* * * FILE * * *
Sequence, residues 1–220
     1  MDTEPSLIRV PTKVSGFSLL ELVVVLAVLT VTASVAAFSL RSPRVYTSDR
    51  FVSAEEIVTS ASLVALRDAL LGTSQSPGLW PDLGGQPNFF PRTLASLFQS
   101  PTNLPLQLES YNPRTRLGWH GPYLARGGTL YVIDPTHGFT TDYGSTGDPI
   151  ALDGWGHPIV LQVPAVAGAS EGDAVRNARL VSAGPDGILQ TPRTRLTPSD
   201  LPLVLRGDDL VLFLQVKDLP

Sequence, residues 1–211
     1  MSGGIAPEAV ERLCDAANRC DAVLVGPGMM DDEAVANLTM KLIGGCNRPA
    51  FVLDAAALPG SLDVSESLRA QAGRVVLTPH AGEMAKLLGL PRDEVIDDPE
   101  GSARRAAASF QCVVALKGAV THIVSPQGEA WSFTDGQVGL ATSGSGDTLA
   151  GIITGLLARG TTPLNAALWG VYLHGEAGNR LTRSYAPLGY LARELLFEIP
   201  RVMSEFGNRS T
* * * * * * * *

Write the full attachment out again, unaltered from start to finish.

Sequence, residues 1–220
     1  MDTEPSLIRV PTKVSGFSLL ELVVVLAVLT VTASVAAFSL RSPRVYTSDR
    51  FVSAEEIVTS ASLVALRDAL LGTSQSPGLW PDLGGQPNFF PRTLASLFQS
   101  PTNLPLQLES YNPRTRLGWH GPYLARGGTL YVIDPTHGFT TDYGSTGDPI
   151  ALDGWGHPIV LQVPAVAGAS EGDAVRNARL VSAGPDGILQ TPRTRLTPSD
   201  LPLVLRGDDL VLFLQVKDLP

Sequence, residues 1–211
     1  MSGGIAPEAV ERLCDAANRC DAVLVGPGMM DDEAVANLTM KLIGGCNRPA
    51  FVLDAAALPG SLDVSESLRA QAGRVVLTPH AGEMAKLLGL PRDEVIDDPE
   101  GSARRAAASF QCVVALKGAV THIVSPQGEA WSFTDGQVGL ATSGSGDTLA
   151  GIITGLLARG TTPLNAALWG VYLHGEAGNR LTRSYAPLGY LARELLFEIP
   201  RVMSEFGNRS T